Serial numbers are unique numbers most often assigned to individual pieces of hardware or software, though, they are widely used in banknotes as well. They are primarily used to track information about the ownership of the product as opposed to SKUs that are used by retailers to track each item in the stock. Let's use an example to illustrate the difference- If you sell iPhone13 in the same colour, all of your stock of the phone would have the same SKU number but a different serial number. So, if your customer encounters an issue with the hardware, you will be able to quickly identify the model.
SKU vs UPC
Universal codes usually contain 12 digits which run along the bottom of the barcode. As the name suggests, these numbers are universal, which is to say that they can be read by anyone with a barcode scanner. This number, unlike an SKU, is not unique to a retailer. In other words, if two retailers are selling the same product, they will both have the same UPCs but different SKUs.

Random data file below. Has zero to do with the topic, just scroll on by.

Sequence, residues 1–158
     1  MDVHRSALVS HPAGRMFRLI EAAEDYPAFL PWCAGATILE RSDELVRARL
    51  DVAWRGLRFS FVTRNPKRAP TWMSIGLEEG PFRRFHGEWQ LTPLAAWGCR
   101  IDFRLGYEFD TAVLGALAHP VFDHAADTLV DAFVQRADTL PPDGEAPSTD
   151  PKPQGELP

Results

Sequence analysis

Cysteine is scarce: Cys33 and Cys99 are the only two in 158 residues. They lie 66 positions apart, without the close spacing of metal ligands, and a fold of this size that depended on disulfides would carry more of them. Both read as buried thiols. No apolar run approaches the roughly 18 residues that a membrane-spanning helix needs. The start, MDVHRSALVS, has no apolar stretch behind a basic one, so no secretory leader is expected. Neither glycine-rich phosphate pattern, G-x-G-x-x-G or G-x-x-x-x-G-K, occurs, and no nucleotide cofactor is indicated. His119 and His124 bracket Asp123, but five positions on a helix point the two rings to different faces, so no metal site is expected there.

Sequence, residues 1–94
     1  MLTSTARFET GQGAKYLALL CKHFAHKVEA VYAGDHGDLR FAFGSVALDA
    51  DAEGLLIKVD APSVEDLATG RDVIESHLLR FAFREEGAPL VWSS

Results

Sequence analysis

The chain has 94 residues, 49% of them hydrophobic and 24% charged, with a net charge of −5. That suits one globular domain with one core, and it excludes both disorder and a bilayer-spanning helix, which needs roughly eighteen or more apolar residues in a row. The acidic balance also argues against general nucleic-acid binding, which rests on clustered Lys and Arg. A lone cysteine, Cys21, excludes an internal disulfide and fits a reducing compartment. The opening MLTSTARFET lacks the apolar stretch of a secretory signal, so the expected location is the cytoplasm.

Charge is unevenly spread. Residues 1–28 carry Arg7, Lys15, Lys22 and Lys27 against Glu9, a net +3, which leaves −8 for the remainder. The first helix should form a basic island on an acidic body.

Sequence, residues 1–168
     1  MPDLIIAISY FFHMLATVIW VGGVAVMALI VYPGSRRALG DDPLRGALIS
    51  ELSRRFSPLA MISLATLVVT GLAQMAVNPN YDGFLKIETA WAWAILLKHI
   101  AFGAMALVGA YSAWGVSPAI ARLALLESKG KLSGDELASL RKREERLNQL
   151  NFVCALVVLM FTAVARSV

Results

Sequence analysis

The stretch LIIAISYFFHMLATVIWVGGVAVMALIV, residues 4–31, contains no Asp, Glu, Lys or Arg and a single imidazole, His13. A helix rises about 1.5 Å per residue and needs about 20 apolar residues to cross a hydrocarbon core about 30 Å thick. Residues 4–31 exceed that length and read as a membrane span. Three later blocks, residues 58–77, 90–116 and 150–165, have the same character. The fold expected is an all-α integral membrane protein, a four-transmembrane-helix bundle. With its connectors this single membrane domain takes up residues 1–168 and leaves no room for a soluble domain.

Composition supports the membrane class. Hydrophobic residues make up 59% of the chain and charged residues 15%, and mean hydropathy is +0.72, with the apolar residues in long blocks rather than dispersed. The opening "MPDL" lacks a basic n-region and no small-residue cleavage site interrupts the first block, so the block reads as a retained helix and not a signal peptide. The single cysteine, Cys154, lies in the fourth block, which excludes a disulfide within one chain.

What is the purpose of SKU numbers?
The main purpose of SKU numbers is accurate inventory tracking and to function as a top-level identifier for the products that need to be restocked while also giving retailers an objective overview of the products that are not doing well. On the one hand, they ensure that retailers never run out of their hot-selling items, while on the other, SKU numbers enable them to manage losses and make smarter decisions. Keep reading to find out everything need to know about SKU stock keeping.